To put it like that, of course, makes it all sound too rhetorical and preachy. Many of the recent paintings take up the theme at a point where the relish of pigment and the recognition of corruption intersect: the seductive glitter and slither at the mouth of a pipe in a waste disposal system is seen as a phenomenon that is both fascinating and deplorable; the blisters and soft infestations that attend the process of potato blight are rendered in all their sinister beauty.

Something I wrote in the early 1990s about Cooke still applies to this recent work: his wariness about being co-opted as the celebrator of a given, pristine, pre-economic, extra-political nature has occasionally come to the fore in images of pollution. But his belief in the necessity of re-establishing clean personal contact between each individual and the plane - a belief rooted in his countryman's hand-to- hand, hour-by-hour contact with flora and fauna - gets painterly expression in, for example, images that proclaim a solidarity with Sweeney, the "green man" of the Middle Irish saga.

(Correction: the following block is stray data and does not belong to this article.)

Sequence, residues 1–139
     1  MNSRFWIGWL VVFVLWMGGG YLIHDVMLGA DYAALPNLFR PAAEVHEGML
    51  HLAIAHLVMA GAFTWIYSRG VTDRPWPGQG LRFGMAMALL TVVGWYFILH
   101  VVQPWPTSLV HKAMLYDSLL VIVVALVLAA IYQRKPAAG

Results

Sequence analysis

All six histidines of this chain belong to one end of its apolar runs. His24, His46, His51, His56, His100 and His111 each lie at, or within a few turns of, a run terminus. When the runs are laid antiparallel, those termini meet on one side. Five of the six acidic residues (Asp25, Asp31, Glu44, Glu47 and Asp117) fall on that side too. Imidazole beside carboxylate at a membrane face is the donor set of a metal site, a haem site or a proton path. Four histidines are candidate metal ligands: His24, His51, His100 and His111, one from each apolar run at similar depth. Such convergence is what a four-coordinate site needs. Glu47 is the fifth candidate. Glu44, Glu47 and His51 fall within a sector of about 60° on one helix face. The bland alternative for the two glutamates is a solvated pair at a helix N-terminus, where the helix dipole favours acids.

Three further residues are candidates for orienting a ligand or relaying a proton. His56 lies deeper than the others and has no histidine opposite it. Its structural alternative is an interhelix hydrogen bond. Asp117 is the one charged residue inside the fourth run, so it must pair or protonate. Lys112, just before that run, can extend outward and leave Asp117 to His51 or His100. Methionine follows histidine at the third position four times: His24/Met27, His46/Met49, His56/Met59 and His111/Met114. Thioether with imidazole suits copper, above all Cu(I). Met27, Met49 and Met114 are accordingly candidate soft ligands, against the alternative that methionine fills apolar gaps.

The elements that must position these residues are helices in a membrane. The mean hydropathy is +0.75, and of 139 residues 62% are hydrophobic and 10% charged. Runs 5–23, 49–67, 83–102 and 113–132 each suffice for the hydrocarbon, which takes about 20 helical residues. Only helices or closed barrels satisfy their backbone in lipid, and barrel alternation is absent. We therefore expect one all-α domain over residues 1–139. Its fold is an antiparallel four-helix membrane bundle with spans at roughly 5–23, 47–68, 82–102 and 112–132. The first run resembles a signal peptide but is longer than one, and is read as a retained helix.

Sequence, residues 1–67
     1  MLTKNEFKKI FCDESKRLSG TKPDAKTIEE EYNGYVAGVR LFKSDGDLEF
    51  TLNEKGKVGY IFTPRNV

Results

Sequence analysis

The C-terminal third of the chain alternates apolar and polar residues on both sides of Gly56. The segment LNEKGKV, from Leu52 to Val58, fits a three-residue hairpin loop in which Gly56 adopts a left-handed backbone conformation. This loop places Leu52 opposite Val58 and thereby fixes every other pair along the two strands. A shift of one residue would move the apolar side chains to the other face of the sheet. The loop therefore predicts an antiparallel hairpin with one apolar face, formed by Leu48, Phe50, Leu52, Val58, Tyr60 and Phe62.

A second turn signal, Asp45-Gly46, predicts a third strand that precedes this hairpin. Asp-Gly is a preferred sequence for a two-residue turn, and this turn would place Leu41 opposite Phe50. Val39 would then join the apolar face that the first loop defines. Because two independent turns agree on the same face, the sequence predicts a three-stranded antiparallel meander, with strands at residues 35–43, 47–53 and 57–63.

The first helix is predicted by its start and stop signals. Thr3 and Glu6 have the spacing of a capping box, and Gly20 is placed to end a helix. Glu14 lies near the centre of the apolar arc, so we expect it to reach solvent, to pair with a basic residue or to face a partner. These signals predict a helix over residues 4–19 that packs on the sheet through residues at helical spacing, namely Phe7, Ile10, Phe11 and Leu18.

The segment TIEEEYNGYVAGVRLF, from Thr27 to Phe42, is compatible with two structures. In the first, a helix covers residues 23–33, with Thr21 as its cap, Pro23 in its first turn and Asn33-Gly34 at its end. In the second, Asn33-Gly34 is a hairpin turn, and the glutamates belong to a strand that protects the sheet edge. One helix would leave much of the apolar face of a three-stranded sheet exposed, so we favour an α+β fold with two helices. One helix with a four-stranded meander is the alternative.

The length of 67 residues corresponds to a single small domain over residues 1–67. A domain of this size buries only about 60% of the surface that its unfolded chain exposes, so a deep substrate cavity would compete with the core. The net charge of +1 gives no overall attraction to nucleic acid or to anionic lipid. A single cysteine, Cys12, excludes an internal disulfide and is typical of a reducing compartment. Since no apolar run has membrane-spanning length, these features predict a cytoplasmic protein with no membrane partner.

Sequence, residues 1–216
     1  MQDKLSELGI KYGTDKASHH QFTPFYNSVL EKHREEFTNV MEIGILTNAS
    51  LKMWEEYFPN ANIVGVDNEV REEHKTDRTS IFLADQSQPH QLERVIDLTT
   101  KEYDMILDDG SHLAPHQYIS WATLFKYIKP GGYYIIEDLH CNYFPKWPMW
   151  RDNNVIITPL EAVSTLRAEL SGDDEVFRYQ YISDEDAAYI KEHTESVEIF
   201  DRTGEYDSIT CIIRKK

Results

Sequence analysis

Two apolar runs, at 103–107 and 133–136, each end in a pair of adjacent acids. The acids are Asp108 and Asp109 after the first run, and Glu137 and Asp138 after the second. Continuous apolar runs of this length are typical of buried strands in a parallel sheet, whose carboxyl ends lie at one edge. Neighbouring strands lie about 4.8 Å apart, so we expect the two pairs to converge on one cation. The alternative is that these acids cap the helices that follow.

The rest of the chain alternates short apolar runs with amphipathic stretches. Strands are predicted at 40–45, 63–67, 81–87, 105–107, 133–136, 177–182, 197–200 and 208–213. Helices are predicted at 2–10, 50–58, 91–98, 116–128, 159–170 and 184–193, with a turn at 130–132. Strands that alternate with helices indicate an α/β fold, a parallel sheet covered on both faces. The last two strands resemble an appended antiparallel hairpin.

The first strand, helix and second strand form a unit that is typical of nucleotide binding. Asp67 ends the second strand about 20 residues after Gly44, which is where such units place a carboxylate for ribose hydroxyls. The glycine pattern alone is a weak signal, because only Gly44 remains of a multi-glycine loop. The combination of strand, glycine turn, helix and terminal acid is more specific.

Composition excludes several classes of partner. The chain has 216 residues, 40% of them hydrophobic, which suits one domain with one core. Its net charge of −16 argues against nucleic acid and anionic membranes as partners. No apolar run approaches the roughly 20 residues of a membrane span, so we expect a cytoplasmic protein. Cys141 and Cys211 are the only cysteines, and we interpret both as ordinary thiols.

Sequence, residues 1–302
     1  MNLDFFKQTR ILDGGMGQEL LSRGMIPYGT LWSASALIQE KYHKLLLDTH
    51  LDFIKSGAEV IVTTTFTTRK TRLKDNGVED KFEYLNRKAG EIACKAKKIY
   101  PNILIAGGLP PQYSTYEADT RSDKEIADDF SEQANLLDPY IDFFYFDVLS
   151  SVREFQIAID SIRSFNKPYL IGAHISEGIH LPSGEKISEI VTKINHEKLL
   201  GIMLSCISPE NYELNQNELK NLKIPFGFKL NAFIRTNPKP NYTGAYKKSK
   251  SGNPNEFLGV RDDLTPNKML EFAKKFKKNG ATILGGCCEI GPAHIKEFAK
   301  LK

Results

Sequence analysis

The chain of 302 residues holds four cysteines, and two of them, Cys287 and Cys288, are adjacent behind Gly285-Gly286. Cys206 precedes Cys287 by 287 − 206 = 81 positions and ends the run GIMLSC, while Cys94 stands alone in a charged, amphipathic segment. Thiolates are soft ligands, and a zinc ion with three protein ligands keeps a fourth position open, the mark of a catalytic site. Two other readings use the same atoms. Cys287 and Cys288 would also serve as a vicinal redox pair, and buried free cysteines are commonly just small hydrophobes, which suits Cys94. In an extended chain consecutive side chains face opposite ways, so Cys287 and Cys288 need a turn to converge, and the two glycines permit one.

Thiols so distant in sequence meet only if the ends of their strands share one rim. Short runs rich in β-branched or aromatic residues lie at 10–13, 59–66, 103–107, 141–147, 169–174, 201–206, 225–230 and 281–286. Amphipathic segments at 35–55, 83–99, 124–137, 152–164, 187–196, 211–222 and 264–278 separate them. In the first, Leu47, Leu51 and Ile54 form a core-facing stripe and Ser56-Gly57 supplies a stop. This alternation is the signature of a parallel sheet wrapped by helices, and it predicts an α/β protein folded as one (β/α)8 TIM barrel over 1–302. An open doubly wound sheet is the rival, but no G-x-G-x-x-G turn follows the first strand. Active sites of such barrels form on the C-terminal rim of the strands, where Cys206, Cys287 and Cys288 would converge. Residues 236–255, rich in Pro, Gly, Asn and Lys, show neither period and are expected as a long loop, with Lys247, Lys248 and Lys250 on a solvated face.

The actual image of Sweeney may not figure in the new show, but his spirit presides. Sweeney's story tells of a king who was cursed by a saint and banished to the woods and hills, turned into a panicky, bird-like creature, as intimate with wind and rain as Poor Tom on King Lear's storm-lashed heath. As a result he became a mouthpiece for some of the most enduring and intense nature poetry in the Irish language, and I don't think it too fanciful to see Barrie Cooke's sojourn on the wild side of the Irish landscape as the endeavour of a green man redivivus, a kind of Sweeney come-back whose canvases possess the same unmediated quality as the poetry of the original.

Barrie Cooke - Groundwater: Recent Paintings, Art Space Gallery-Michael Richardson Contemp- orary Art, St Peter's Street, London N1, to 4 Nov. A longer version of this article appears in the current edition of 'Modern Painters'